At the Cuddles Childcare Centres in the Perth area, our motto is “learning through play.” Children learn very well when they are playing for a plethora of reasons, but there is a deeper dynamic at work. Children learn more in their first year of life than they will at any other time of their lives. The preschool years are important, too, as they can lay the foundation for a lifelong pattern of learning.
Believe it or not, most learning is done by simply being. Children play, they interact with family, friends and eventually other children in preschool and school. They learn by observation and by doing. They learn by using their imagination. They learn by playing. But, most of all, they learn from their first teachers: their parents.
The Learning Environment
Children learn best in an environment where they feel safe. When children feel that they are free to play, explore, learn and pretend, with support from their parents, teachers or carers, they learn a lot better and faster.
Another important factor: inspiration or reason to learn. Your child needs to be interested and engaged. Children need to be involved in learning. They need to be doing something. Even if they are just pointing at pictures in a book, they need to be an active part of the process.
We often recommend that parents teach their children to help in the kitchen. Our Shake ‘n’ Bake program, in which the children help the staff prepare food and then eat it afterwards, is one of the most fun and rewarding programs we have for children at Cuddles.
One important point: children need to be allowed to make their own mistakes and learn directly from them. They learn a lot of the “whys and wherefores” that way and learn how to create solutions and adapt to their results.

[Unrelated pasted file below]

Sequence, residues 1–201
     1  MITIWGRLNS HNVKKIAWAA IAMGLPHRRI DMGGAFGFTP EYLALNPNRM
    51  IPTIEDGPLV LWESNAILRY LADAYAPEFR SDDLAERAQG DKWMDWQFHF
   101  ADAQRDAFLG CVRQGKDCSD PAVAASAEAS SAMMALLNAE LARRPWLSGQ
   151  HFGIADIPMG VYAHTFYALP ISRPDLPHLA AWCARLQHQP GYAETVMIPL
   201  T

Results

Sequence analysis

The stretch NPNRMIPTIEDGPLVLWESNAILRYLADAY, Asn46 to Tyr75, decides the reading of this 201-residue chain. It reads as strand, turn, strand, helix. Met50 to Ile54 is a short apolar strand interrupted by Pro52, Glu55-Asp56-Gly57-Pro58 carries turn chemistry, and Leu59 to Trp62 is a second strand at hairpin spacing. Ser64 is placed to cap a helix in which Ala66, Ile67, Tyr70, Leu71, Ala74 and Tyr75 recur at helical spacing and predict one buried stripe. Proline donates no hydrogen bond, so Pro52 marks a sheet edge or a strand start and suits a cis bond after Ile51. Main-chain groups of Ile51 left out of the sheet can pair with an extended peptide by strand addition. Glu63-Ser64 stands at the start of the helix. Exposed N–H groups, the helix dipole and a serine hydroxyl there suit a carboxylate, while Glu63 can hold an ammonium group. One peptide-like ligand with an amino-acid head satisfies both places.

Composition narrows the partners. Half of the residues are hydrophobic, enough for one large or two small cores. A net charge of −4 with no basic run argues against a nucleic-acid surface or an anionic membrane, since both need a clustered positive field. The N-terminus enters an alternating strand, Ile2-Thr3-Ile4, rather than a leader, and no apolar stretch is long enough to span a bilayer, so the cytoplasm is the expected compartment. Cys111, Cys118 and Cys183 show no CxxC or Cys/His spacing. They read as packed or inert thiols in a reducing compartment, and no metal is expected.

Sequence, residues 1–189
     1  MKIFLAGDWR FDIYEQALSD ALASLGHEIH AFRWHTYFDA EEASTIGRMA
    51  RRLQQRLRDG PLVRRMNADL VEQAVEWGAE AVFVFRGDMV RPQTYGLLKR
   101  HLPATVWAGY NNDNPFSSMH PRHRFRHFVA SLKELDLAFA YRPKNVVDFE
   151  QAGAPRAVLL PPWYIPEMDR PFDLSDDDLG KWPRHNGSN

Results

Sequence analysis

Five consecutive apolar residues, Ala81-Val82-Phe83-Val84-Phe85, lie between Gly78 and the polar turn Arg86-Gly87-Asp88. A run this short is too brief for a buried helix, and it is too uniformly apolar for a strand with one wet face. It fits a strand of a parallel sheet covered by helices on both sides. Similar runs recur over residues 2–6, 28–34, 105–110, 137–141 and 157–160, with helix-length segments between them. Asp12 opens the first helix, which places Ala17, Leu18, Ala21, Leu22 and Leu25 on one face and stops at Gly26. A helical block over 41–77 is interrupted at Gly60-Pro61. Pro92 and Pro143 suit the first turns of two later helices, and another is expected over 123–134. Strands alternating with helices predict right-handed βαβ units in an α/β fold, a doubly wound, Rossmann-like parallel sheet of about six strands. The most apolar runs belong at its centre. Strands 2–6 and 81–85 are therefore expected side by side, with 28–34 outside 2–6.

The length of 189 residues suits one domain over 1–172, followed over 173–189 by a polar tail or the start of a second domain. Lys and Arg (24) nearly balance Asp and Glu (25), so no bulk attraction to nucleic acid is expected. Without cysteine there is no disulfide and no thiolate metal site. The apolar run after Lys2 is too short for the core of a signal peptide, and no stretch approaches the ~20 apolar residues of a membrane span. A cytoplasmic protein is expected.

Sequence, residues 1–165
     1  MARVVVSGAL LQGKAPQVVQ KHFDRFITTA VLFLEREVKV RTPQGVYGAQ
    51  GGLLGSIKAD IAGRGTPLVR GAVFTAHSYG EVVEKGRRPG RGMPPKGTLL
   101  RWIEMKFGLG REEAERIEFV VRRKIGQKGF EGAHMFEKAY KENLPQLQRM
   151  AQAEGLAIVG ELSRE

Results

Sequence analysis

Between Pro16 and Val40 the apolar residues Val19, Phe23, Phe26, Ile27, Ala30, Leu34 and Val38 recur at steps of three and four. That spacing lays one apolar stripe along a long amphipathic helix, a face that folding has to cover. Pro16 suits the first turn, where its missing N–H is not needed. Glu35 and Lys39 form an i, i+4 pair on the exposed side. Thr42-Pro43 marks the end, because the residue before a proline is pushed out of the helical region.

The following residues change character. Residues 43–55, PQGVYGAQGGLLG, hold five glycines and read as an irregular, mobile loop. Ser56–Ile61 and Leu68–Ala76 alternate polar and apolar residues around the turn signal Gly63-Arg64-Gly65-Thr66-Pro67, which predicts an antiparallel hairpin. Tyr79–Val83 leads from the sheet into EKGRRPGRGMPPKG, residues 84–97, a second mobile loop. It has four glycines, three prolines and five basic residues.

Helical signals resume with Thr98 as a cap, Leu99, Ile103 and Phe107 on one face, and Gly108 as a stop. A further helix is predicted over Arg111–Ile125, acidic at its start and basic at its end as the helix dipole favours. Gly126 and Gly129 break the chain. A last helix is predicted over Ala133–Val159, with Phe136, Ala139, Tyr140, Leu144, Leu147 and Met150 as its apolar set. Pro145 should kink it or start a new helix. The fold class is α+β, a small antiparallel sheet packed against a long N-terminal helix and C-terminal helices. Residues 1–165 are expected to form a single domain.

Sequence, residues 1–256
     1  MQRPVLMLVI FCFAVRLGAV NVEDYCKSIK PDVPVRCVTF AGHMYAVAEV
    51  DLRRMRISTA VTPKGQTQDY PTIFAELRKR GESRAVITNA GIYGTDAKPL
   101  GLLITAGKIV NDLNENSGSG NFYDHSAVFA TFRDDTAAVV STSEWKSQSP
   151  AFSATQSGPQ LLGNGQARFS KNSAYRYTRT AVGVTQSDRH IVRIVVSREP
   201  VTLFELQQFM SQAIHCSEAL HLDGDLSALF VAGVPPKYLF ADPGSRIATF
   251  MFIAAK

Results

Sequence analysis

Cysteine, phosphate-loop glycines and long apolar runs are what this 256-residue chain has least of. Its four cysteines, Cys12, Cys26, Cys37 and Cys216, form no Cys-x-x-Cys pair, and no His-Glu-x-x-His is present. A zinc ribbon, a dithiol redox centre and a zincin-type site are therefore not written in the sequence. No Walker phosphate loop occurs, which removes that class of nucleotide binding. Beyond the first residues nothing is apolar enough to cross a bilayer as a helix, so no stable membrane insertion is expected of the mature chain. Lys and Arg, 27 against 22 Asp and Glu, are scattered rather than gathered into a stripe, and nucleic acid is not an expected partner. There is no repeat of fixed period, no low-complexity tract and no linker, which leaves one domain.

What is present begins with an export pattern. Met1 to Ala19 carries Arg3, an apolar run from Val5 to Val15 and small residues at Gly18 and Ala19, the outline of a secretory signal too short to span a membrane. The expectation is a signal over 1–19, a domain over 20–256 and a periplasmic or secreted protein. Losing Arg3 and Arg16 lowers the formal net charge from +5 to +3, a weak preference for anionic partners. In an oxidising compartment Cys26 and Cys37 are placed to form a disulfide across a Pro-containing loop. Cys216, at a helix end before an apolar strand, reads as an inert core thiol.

Maybe the most important thing you can do as a parent, and one thing our staff is trained to do, is to always offer encouragement and praise to your child when they are learning.
It Takes a Village
Your child will learn from many different “teachers” over the course of their childhood. You will be the primary teacher, especially in early life. Children mimic what their parents do. If you are a positive role model, it is much more likely that your child will have positive results learning. Your child will also learn from other family members such as siblings, aunts, uncles and grandparents.
Carers will eventually enter the picture, such as preschool teachers and assistants, playgroup coordinators and child care staff. In school, your child will learn from multiple teachers, assistants and coaches.
One underrated source of “learning”: their peers. Children are going to learn a lot from their friends while playing. Role-playing games teach children to use their imagination. Sports teach them to solve problems, in an environment of sportsmanship. They also learn to compete.
We do recommend that you are careful about who you allow your children to be friends with. In an ideal world, everyone can be friends. But the harsh reality is that some children are good influences and some are bad influences. Make sure you know who is influencing your child. A great way to do that is to encourage your child to have friends over to play. That way, you can get to know their friends and watch out for “red flag” behaviours.
The Mechanics of Learning
Here are some of the processes by which a child learns.
- Observing things, responding to voices and watching faces.
- Singing songs, making sounds and listening.
- Playing: with others, with you or alone.
- Exploring: feeling things, looking at them from all angles, throwing or shaking them and even putting things in their mouths.
- Experimenting: sand, dirt and water lend themselves well to experimental behaviour.
- Questions: you have probably noticed already that your child is adept at asking “why.”
- Socialising: children have to find where they belong in social groups.
- Using all senses: taste, sound, touch, smell and vision.
Contact us to learn more or to arrange for childcare.